I want to put my home and finances under living trust. I am on H1B Can I create living trust on H1b?
Yes you may. If you are married, and your spouse is not a United States citizen, living trust planning is more specialized. Also, there may be legal issues if you decide that you want to use a non-US citizen, non-resident as a trustee of your trust if you become incapacitated or upon your death.See question
No will, no property, but does have 1 investment. Been together over 20 years. To avoid issues over health (dimentia) and his son and family.
If your partner is already suffering from dementia, it may be too late to actually obtain a power of attorney. This is because at a certain point, someone with dementia no longer has the legal capacity to execute a power of attorney, or a Will for that matter.
If your partner does have legal capacity (which might need to be verified by his doctor), then he could execute a durable power of attorney, a health care power of attorney, and at least a simple Will. If the investment is valued at over $150,000, then at least a simple trust would be a better approach than a simple Will in order to avoid the Probate process.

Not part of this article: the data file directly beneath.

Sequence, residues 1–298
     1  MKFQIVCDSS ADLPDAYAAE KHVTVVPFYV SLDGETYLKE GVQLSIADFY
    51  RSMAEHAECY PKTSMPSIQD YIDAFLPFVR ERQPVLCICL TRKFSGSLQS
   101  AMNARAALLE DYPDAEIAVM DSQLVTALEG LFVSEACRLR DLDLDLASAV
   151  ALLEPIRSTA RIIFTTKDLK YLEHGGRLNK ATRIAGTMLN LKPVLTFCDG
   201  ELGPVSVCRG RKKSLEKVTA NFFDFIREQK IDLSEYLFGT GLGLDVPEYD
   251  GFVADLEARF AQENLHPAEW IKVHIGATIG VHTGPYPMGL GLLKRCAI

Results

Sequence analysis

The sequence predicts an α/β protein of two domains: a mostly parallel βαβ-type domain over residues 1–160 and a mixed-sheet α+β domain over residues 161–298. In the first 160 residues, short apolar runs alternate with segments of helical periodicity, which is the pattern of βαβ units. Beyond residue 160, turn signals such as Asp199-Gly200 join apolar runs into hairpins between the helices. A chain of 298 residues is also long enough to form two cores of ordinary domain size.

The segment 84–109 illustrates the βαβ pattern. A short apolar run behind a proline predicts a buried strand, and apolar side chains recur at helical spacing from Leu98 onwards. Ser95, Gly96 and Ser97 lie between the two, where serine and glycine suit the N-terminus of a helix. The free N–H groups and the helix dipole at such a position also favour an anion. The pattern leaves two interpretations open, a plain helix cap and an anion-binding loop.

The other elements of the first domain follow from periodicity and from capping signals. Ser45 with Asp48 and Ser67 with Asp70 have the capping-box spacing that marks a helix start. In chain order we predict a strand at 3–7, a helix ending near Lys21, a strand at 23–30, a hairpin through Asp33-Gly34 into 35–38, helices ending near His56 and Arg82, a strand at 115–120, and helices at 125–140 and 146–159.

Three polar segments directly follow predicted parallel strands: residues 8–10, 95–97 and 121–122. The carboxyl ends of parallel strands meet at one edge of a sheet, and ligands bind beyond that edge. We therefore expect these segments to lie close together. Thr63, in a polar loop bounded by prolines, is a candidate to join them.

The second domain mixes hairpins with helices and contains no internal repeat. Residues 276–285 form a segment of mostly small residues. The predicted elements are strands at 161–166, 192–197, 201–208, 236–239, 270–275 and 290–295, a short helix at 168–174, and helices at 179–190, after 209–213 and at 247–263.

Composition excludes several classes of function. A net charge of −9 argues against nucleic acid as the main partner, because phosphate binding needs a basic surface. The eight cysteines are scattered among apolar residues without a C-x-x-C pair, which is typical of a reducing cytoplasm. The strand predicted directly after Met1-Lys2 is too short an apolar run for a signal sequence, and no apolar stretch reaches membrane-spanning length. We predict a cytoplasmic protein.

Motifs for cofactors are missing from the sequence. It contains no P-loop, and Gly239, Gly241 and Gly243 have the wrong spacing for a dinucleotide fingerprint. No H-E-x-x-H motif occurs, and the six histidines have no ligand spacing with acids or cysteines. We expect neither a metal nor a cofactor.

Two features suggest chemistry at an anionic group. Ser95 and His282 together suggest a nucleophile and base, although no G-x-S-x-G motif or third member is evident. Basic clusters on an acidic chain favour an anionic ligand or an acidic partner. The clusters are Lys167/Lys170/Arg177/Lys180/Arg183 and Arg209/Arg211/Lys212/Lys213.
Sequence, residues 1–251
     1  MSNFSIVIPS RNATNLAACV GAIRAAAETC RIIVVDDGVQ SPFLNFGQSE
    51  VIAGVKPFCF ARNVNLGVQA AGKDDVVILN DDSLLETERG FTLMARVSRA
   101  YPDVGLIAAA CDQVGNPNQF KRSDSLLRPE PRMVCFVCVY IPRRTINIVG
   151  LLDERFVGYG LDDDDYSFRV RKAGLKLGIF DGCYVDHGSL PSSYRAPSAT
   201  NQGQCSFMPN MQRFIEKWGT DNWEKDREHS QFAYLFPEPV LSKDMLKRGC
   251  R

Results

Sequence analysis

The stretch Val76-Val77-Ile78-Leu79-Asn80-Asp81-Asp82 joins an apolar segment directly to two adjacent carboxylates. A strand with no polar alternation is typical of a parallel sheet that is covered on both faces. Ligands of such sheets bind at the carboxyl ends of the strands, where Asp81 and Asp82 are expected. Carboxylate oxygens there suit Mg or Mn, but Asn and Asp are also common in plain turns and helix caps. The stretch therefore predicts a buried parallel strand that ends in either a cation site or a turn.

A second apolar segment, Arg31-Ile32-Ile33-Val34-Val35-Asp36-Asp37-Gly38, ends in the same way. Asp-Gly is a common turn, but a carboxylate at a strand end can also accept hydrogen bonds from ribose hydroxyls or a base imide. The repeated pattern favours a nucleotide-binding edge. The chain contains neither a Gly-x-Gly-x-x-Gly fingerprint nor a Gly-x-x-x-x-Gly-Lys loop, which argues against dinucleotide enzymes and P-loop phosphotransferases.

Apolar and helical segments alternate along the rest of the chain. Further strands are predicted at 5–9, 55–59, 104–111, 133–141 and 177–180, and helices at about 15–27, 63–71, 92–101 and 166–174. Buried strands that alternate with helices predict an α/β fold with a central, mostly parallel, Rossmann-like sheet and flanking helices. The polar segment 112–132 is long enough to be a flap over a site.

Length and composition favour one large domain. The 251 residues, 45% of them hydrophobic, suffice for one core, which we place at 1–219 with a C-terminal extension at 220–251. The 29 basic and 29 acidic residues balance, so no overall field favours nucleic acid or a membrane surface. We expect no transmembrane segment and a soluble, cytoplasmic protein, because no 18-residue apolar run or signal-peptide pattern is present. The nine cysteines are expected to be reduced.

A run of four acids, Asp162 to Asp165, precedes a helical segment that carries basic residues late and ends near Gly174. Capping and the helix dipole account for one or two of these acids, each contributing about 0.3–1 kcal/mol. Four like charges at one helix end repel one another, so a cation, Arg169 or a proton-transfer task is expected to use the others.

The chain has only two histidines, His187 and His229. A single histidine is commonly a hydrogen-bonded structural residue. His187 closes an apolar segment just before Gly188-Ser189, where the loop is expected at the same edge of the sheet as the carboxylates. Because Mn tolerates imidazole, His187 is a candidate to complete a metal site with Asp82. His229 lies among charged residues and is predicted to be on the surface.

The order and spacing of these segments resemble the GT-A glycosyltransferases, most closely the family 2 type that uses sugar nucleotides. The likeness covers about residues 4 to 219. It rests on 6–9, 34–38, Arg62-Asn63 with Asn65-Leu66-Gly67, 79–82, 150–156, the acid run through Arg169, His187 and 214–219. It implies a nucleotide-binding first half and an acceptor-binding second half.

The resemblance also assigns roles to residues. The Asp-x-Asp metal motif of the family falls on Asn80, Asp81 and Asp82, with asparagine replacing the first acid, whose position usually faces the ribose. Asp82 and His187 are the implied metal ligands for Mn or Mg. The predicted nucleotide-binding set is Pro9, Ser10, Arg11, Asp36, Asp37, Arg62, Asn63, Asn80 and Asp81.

In any event, a consultation with estate planning legal counsel is absolutely necessary as soon as possible to see what, if any, planning options may still be available.See question
The property was transferrded to a placed called recon trust..and the owners were removed as trustees, trustee is recon trust benficiary..motgage electronc regstration systems. How can the remaining living property owner...re-establish owner sh...
The fastest way to figure out what your situation is would be to consult with a local estate planning attorney to review all of the paperwork and explain what, if anything, needs to be done.See question